And let’s not forget that when she added her two hip verses to Little Willie John’s “Fever” (“Romeo loved Juliet”…”Captain Smith and Pocahantas”), she helped transform the song into a classic.

Peggy liked to write with the rhythm of a lyric in mind, a cadence suggested by a phrase.  As a vocalist, she knew just how to create a lyric married to melody that felt natural and easy, relaxed and true.  Listen to her song “I Don’t Know Enough About You” for a terrific example of that silky, simple melodic line.  And her dark, torchy “Don’t Smoke in Bed” doesn’t waste a single syllable or note in delivering its dramatic message. (I love K.D. Lang’s version of this song, if you’re curious to hear it).

I think my favorite Peggy Lee story (and I’ll be interested to see if this comes out in the movie) was when she took on ‘the Mouse’ and sued Walt Disney Studios.

Peggy was paid $1000 by Walt Disney to compose 6 songs (with collaborator Sonny Burke) for the animated feature Lady and the Tramp. At the bargain rate of $3500, she was the voice of four of the characters and sang in the film as well (Peggy played the role of ʻDarlingʼ, “Peg”, who sang “He’s a Tramp” and also the singing Siamese cats.) Disney had brokered hundreds of these unfair deals with artists, and successfully fought off many later royalty claims. Their unofficial tagline in the industry was “Don’t Mess with the Mouse.”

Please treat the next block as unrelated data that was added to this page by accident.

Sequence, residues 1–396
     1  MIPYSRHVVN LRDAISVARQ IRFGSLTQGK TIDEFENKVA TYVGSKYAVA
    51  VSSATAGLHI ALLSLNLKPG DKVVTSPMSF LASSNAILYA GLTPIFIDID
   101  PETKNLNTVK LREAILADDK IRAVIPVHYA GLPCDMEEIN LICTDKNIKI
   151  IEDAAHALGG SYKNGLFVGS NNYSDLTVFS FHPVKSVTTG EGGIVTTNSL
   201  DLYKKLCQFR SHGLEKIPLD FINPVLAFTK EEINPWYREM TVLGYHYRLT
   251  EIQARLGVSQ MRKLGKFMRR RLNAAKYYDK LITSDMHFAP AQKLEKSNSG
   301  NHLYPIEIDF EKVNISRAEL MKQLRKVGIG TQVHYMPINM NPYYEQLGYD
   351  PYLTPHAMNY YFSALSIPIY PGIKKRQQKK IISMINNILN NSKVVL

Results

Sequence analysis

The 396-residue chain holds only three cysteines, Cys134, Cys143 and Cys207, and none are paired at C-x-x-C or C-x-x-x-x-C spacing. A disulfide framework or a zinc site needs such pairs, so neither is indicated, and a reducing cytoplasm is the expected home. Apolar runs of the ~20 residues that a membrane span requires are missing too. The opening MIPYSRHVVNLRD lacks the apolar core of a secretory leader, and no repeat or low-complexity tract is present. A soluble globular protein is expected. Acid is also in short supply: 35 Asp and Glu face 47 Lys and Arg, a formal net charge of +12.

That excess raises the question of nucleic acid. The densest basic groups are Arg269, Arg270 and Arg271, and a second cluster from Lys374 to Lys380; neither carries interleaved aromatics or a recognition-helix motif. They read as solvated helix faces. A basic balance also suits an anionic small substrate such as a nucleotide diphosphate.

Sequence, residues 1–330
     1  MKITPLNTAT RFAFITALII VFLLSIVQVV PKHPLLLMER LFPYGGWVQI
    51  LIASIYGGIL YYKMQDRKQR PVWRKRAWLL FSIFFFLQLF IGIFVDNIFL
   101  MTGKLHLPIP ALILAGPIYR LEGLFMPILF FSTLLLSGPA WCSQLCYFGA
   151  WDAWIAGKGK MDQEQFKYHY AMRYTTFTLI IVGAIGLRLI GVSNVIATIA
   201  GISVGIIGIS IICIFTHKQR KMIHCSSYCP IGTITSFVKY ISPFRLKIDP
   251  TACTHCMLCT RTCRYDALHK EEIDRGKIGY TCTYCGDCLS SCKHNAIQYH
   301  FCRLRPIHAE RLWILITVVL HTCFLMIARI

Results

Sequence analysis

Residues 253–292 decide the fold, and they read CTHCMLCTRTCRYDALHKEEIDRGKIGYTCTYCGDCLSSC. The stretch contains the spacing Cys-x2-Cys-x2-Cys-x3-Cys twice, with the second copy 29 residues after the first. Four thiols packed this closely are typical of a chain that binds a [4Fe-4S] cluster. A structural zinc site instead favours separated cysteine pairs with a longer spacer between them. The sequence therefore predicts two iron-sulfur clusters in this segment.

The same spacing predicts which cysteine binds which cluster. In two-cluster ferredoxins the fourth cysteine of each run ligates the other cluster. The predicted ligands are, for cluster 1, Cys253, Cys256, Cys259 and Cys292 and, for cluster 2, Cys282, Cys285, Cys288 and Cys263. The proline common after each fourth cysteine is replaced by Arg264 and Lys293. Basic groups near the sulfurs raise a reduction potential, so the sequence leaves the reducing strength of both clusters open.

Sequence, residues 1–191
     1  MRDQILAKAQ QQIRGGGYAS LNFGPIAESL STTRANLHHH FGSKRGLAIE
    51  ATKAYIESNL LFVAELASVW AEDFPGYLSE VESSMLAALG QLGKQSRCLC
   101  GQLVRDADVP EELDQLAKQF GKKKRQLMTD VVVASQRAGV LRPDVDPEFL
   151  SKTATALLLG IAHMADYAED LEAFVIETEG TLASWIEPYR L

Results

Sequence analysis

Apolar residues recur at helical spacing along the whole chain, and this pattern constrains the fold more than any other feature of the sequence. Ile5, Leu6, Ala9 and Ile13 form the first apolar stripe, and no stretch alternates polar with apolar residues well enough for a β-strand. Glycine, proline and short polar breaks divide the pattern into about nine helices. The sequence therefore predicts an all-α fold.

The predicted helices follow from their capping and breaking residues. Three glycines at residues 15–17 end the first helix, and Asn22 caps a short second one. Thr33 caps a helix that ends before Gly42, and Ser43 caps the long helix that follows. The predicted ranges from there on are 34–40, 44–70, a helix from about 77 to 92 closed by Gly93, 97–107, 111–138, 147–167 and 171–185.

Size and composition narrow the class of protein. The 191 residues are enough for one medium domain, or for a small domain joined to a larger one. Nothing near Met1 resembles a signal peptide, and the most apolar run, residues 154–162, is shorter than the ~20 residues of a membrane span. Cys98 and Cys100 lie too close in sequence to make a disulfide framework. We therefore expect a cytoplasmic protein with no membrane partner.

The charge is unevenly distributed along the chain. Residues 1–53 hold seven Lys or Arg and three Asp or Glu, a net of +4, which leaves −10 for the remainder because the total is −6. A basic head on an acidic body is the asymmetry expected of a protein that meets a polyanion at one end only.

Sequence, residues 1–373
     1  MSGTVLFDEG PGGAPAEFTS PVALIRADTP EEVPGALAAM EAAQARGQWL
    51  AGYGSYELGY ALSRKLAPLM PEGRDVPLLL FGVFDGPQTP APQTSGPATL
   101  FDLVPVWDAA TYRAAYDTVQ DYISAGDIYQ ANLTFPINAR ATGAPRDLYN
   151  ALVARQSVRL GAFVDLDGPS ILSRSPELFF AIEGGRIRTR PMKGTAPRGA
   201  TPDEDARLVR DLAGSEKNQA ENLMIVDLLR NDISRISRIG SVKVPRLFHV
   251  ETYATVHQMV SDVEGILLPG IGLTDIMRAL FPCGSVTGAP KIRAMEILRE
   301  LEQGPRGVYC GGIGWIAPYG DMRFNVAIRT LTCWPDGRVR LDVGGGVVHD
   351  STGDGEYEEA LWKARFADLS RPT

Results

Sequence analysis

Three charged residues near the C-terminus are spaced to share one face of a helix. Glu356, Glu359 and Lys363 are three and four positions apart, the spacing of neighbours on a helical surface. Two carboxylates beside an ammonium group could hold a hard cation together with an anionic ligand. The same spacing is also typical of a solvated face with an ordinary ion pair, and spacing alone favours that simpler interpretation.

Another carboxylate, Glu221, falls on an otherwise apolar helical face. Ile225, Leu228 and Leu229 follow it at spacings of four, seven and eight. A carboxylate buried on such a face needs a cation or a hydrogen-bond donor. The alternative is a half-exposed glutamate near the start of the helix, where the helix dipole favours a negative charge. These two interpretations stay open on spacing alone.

But when the film was released in video in the 1970ʼs, the estimated additional $90 million in sales to Disney was too much for the determined Ms. Lee to leave alone, and after a fifteen year court battle, she successfully sued them for a landmark $3.8 million in back royalties. That famous settlement liberated musicians and artists from Disney’s draconian policies.

She was seventy years old when the case finally settled, and certainly didn’t need the money.  What made her persist with the suit all those years?  Even after becoming a big star, Peggy always related to the ‘band’ – the musicians, composers, arrangers that she considered her fellows.